Tuesday, March 1, 2011

Make a difference

By Cathy Cochrane, Communications Manager, Eastern Regional Office, Spokane

I used to think “public involvement” was a joke. Government doesn’t pay attention to the Little Person, I thought. But then I became a reporter for the Ketchikan Daily News, in Alaska. I covered public meetings, where only one or two people showed up, and I saw for myself the really significant influence those few people had over the issue at hand. Government officials — local and state — actually responded to those few, lone voices. They did what the “Little Person” asked! Because two people took the time to voice their concerns and their opinions, their community changed.

That Ketchikan experience is long over, but I have ever since been an impassioned supporter of public involvement. In the three years that I’ve been with the Washington Department of Ecology, I’ve seen many instances where the public’s voice changed the conditions in a permit, helped us think differently about an action or a rule, showed us that yes, the people we serve really do care about what happens to the state’s environment.

One of the reasons I love working for Ecology is that the agency truly wants the public to know what’s happening in the environment, to get involved, to exercise their voice. We invite public comment on every permit we write, and on those issues where we’re aware that the public wants more involvement, we hold a public meeting. In addition, some types of permits or regulatory actions require that we hold a public hearing and take testimony. I’m not the only cheerleader touting the benefits of public involvement. Many others with whom I work every day echo my thoughts. Watch this short video to hear their voices.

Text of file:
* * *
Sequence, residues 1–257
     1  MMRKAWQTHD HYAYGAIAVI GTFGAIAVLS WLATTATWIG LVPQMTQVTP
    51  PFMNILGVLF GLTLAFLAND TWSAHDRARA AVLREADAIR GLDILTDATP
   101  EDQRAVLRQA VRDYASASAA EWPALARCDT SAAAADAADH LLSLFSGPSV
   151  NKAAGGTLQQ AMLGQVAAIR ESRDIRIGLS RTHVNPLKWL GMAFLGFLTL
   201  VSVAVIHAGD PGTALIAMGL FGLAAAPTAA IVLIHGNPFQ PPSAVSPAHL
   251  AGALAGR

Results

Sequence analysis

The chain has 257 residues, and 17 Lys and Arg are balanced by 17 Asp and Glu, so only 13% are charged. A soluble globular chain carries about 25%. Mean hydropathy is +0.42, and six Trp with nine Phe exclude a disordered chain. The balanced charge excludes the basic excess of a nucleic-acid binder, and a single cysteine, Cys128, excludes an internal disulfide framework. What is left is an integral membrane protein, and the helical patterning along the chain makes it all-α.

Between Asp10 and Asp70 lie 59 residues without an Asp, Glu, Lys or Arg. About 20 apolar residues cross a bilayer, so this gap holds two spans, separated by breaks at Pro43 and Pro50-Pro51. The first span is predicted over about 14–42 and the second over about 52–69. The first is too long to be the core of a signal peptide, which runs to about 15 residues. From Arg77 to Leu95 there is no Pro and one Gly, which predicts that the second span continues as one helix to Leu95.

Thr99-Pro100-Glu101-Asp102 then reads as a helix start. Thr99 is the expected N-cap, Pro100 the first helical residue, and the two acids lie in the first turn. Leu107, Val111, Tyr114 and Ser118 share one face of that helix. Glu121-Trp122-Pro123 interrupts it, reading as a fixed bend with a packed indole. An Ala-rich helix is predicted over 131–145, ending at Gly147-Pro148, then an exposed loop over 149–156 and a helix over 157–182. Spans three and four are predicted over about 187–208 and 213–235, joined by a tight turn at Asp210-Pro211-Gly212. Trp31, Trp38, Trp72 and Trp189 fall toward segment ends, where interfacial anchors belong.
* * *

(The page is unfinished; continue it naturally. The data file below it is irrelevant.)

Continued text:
Most importantly, keep up with the many ways you can have a voice in Ecology’s activities. From this link, you can sign up to receive our news releases, tweets, and public emails so you’ll know right away about the opportunities you have to weigh in on many of the issues that really matter to Washington’s environment. You can vist our public involvement calendar anytime to find out what’s going on.

We want to hear from you. Please take the time to read the documents we post about permits and other actions, and then please comment. Attend a public hearing. Send us an email. Give us a call. Whatever form it takes — have a voice! Get involved! I’ll hope to see you at a public meeting soon.

1 comment:

Anonymous said...

good job .. thank you